2.1.4 Arguments for and against liberal capitalism

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Unit 2 Contents

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(a) The ‘liberal’ argument for industrial capitalism

The argument for capitalism, and in particular for nineteenth century industrial capitalism, has already been presented, more or less, on the previous page.  Look back at this and then do the following exercise.  You can then access a ‘response’ to it on a separate screen. (The idea is not to look at this first.)

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EXERCISE

In the light of the historical outline you have just read, what do you think is the argument which the advocates of industrial capitalism made in favour of it?

Make notes in order to try to answer this question.

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RESPONSE TO EXERCISE: Click here

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The main documents of CST (although not Pope Leo’s Rerum Novarum itself) have used a well known label to refer to the theory that seeks in that way to justify capitalism.  The label is ‘liberalism’, and employing this word in this way follows common nineteenth century usage.  In fact, ‘liberalism’ has come to have various partly different meanings in the 150 years since then.

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Reflection

What are your reactions to the term ‘liberalism’?

What is the range of its meanings?  Jot down on a piece of paper some of the meanings or applications you think it might have.

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‘Liberalism’ in that specific sense can also be referred to as ‘economic liberalism’ or ‘laissez-faire liberalism’.  The term ‘economic liberalism’ is appropriate because what is emphasized is that people should have liberty in their economic activities – liberty to buy and sell in markets.  The expression ‘laissez faire’ is French and means, ‘Let them do as they like!’  So ‘laissez-faire liberalism’ is the view that, in our economic dealings with one another, we should have freedom to do as we like.

Sometimes a third label is used for this version of liberalism: ‘classical liberalism’.  This is because when the word ‘liberalism’ was first coined in the nineteenth century, it was ‘economic liberalism’ that was meant by it – so this can be seen as the ‘classical’ version of this philosophy.

(b) The ‘socialist’ argument against industrial capitalism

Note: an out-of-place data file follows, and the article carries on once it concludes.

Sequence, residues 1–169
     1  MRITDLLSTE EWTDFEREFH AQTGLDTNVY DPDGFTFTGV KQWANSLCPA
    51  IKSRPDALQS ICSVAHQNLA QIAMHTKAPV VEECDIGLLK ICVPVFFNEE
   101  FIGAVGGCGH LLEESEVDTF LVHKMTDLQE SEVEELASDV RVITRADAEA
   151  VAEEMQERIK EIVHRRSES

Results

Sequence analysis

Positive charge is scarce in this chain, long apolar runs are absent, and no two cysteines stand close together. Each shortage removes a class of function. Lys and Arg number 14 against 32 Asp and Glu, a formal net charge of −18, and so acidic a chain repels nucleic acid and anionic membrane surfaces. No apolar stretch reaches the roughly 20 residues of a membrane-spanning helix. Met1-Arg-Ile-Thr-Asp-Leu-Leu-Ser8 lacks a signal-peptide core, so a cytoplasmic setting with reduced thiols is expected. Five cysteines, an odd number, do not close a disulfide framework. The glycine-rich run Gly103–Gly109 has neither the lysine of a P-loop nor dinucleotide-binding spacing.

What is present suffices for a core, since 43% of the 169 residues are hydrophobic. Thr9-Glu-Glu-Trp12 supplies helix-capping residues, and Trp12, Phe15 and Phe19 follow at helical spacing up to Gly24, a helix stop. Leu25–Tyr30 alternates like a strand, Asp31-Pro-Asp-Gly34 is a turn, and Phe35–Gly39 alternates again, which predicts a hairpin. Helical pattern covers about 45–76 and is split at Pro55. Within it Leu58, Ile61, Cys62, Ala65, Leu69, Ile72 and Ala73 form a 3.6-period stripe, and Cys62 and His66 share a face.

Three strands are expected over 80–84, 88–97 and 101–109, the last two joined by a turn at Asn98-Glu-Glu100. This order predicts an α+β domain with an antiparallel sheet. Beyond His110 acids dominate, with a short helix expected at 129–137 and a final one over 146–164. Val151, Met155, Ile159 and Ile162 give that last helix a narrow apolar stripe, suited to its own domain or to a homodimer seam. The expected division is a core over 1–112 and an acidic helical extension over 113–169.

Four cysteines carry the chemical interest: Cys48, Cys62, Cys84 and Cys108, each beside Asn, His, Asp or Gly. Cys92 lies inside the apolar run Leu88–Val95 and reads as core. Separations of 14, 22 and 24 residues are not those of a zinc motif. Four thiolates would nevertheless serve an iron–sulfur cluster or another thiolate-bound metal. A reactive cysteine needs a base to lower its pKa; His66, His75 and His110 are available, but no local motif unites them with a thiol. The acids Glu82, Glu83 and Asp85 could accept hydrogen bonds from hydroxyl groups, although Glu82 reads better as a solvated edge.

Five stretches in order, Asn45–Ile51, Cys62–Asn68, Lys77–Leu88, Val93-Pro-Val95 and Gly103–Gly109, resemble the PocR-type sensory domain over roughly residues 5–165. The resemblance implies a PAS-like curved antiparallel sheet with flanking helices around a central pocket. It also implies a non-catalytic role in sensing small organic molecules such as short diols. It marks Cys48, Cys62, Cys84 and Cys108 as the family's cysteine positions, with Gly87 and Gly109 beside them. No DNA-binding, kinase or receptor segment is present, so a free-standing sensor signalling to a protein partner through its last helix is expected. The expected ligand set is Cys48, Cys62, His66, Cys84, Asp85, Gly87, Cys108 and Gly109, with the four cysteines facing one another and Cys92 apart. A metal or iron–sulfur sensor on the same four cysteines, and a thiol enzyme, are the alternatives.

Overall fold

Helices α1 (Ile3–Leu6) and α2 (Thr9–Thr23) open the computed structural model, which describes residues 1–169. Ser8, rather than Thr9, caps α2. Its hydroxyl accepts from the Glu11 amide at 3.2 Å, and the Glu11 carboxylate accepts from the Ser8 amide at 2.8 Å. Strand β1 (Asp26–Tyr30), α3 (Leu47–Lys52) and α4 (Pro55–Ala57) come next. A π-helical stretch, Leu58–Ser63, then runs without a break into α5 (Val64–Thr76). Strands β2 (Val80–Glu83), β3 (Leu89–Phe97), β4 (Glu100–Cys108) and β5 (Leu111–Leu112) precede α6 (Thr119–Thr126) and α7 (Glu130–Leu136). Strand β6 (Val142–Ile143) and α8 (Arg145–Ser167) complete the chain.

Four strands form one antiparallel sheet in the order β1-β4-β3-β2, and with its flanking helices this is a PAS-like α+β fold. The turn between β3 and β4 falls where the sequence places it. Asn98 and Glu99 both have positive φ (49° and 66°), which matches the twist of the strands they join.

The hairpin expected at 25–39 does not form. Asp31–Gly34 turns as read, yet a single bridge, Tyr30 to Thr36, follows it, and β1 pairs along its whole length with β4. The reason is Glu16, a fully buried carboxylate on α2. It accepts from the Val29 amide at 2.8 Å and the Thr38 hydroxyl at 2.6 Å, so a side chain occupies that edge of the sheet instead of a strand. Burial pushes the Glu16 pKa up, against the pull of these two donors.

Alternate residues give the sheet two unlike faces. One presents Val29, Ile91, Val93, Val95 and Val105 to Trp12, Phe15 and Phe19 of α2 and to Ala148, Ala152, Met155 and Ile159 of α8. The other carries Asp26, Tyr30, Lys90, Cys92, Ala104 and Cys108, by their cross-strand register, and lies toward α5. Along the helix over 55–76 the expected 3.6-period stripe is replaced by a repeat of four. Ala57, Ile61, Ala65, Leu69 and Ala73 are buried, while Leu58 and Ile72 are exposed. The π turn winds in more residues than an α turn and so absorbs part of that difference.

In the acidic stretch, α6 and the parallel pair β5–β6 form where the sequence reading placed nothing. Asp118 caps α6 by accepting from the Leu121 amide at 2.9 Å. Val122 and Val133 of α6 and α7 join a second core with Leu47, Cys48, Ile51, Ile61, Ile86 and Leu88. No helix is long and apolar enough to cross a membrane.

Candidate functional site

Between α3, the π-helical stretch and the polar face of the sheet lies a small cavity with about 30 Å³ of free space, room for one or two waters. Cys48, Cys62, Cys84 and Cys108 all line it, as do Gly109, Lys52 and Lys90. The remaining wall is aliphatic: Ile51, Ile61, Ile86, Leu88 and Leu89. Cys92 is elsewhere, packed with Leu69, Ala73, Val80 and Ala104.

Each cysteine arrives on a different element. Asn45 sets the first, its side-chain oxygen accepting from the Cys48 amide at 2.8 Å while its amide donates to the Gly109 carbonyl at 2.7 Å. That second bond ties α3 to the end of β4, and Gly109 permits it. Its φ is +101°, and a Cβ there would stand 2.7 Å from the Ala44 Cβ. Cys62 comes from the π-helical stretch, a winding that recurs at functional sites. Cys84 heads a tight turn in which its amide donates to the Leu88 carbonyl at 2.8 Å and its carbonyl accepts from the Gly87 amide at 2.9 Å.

Whereas ‘liberalism’ referred to the theory which was advocated in defence of industrial capitalism, what became for a long period the main set of views that were strongly against it were known by the label ‘socialism’.  Like liberalism, the term socialism has had quite a range of meanings. This is partly because one of the main defining features was simply opposition to capitalism!  Study of the various positions labelled socialism could quite easily prompt the reaction that the one thing they have in common is what they are against.

This said, as socialism emerged and became distinct during the nineteenth century, a main defining feature became advocacy of a view about property.  This view was that property, and especially large and valuable pieces of property like factories and other ‘means of production’, should not be privately owned by individuals.  Rather they should be collectively owned by people together, ideally on behalf of everyone together by (many thought) the government taking over ownership.  Socialism held that if there was such collective ownership of property, it could really be used for the benefit of everyone.  This was necessary because, socialists argued, capitalism in fact benefits only a few, mainly those who are already wealthy – the owners of capital.

Therefore, socialists opposed minimizing the obstacles to economic freedom.  On the contrary, they said that governments should direct or control the production of goods and services, so that this really is for overall benefit.  So in response to the emergence of industrial capitalism, socialism favoured the factories being taken out of the hands of wealthy private owners and being controlled by people together, usually in practice by the state.

There is much more that could be said about both ‘liberalism’ and ‘socialism’ than in these last few paragraphs.  We shall look at both more in later units.

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End of 2.1.4

Go to 2.1.5 The publication of Rerum Novarum

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